CLEVELAND -- Three men were indicted today on charges that they engaged in a decade-long conspiracy to defraud the food stamp and Women, Infants and Children programs out of more than $780,000 by trading the vouchers for cash and restricted items such as beer and cigarettes from a store in Cleveland, U.S. Attorney Steven M. Dettelbach said.
Ahmad ("Tony") Damra, 31, of Macedonia, his brother, Mahmoud ("Moe") Damrah, 26, of Cleveland, and Mohammad D. Mohammad, 41, of Strongsville, were each indicted on one count of conspiracy to commit food stamp fraud, three counts of food stamp fraud and unlawful redemption of food stamps, and one count of Women, Infants and Children Program (WIC) fraud.
The indictment charges that between 2002 and 2011, the defendants and others conspired to commit over $780,000 in food stamp and WIC program fraud through the use of the East 143rd Food Market, located at 3249 East 143rd Street in Cleveland.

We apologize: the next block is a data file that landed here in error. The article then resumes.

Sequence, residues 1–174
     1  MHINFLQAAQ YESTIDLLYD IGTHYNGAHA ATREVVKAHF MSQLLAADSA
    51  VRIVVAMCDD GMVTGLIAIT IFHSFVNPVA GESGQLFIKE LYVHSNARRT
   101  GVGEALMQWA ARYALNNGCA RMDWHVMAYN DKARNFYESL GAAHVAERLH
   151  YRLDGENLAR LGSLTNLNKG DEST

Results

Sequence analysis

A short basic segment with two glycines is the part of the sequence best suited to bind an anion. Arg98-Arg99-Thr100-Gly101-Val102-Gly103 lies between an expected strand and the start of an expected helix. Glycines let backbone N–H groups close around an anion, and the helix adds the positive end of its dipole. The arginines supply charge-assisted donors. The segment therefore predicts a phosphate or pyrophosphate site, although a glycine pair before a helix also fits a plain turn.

Mohammad owned, operated and managed the store. He obtained a food stamp license in 1997, which, except for a two-year period beginning in September 1998, remained in effect through 2004, according to the indictment.
In 2005, he obtained a food stamp license for the market using the business Rashiqa, Inc., which listed Mohammad's mother as president. Mohammad placed the business in the name of another person to conceal his ownership because his prior conviction for aggravated arson precluded his participation in the food stamp program, according to the indictment.
Also in 2005, Mohammad obtained a WIC program authorization under Rashiqa, Inc., according to the indictment. Ahmad Damra started working at the market in 2002, first as a clerk and then as manager.
Mahmoud Damrah started working as a clerk at the store in 2008, according to the indictment. The investigation revealed that the defendants and others used their business to exchange customer food stamps and WIC coupons for cash and other unauthorized items, including beer and cigarettes.
The men also purchased customer food stamp cards and used them at other grocery locations to purchase inventory for the market and for their own personal use, according to the indictment.